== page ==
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Northwestern University Press Evanston, Illinois, 2005.
14 cm, 193 str.
meki povez, ćirilica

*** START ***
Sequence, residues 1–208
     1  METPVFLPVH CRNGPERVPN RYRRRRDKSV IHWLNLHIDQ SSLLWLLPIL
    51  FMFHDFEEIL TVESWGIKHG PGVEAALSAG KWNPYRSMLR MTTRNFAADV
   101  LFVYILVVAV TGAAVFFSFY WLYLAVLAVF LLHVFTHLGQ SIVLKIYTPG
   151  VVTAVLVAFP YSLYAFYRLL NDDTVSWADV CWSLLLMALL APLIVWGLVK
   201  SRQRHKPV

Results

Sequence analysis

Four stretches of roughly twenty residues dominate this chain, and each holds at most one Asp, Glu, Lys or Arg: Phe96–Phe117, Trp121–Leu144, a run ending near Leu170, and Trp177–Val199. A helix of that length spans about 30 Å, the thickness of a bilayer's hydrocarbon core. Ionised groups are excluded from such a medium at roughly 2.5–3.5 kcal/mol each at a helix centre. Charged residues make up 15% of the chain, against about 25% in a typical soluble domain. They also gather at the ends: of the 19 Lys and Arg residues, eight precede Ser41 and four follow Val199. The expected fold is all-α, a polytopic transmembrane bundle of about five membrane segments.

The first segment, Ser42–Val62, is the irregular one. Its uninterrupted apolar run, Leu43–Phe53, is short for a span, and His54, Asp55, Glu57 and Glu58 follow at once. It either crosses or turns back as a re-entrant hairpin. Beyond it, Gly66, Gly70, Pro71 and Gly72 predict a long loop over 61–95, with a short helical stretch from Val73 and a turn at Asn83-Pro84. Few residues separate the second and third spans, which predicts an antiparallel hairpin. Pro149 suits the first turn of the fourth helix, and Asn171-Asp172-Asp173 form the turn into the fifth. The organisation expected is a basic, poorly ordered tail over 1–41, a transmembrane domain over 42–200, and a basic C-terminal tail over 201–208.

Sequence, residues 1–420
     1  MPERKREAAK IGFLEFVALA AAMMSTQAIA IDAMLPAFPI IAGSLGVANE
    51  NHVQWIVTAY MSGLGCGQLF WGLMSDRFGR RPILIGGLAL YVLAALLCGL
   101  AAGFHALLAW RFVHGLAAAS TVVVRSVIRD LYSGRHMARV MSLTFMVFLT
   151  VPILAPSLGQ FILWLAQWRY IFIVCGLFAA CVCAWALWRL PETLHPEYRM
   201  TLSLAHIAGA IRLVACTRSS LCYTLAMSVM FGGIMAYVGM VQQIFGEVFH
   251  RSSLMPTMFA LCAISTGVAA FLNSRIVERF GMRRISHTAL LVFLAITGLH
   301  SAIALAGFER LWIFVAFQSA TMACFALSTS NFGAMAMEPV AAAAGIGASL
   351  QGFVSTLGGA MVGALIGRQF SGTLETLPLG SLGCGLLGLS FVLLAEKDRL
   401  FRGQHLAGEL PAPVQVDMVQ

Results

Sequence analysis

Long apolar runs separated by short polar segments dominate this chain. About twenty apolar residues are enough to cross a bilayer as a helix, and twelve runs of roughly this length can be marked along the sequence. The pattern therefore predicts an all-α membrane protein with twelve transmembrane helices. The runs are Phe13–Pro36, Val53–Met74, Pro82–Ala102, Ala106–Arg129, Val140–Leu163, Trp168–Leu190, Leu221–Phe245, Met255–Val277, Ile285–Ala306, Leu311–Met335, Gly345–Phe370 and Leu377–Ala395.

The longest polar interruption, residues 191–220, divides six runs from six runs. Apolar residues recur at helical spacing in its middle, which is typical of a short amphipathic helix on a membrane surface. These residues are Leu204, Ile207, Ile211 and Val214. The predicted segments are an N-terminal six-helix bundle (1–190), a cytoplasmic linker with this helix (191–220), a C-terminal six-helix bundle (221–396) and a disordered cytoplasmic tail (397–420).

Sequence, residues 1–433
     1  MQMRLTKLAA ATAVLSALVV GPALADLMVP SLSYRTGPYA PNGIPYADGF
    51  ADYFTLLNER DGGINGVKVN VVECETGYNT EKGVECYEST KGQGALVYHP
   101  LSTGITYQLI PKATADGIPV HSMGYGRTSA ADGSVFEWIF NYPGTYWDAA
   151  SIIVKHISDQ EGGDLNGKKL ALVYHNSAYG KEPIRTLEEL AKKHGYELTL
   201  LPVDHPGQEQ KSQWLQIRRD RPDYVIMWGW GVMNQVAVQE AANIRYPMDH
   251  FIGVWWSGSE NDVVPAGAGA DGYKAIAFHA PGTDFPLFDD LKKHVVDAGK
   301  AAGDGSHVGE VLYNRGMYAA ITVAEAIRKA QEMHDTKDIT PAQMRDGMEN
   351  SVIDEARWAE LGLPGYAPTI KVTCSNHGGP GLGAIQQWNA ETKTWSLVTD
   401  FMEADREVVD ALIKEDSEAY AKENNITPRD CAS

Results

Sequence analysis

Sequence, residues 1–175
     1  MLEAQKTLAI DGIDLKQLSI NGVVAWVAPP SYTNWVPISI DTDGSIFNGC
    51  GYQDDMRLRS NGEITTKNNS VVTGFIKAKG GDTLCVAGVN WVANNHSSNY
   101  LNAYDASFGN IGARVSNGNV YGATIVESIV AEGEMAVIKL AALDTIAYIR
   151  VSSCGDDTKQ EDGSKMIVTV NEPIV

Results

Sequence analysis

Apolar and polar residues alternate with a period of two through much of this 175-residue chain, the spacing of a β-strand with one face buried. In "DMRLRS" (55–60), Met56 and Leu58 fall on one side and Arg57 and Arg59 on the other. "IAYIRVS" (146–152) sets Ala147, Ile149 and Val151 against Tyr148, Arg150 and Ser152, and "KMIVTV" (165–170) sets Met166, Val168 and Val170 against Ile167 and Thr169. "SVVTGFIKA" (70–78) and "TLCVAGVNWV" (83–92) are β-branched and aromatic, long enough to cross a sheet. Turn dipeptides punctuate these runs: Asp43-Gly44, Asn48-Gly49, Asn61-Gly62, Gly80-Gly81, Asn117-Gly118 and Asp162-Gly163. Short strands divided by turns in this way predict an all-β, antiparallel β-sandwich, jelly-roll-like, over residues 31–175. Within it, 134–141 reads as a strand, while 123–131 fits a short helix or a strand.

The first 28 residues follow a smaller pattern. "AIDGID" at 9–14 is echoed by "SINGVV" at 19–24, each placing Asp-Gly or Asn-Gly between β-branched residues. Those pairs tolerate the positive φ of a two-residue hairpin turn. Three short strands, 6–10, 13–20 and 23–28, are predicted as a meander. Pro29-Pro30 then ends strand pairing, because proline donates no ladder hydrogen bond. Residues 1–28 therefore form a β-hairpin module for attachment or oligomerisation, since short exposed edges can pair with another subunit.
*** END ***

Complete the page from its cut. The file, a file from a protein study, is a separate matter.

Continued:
Published as the siege of Sarajevo ended, Lodgers is a hilarious, unsentimental report from the front lines of the Balkan wars of the 1990s. Detergent mixed with flour, museum relics sold to U.N. peacekeepers, the magic power of laminated accreditation-all of the folly and the horror of that time are revealed in the sarcastic report of the novel's teenage would-be authoress. Maja lives in the basement of a Sarajevo museum, enduring with equal annoyance Serb artillery and vegetarian meals that taste like fried sponge. Her father, the museum director, zealously guards the treasures upstairs while their aged co-lodger Julio plots to trade them away. Maja's mother copes with yoga while dour stepbrother Davor endures the endless crying and cravings of his pregnant wife. Floating amidst it all is Maja's grandmother, blind and deaf, yet drawn to any conversation involving food. Need and crisis propel Maja and her companions from one humorous situation to another. Yet her pitch-perfect gallows humor makes it clear that the brutalities of war penetrate these small moments of life-and even the self-centeredness of a teenaged girl. A best seller in the Balkans and widely translated in Europe, Lodgers is an uncompromising novel about a modern tragedy.\ "More literarily convincing and existentially urgent than numerous current-affairs books, newspaper reports, and travel writing, Lodgers stands out as a poignant document of a turbulent era." --World Literature Today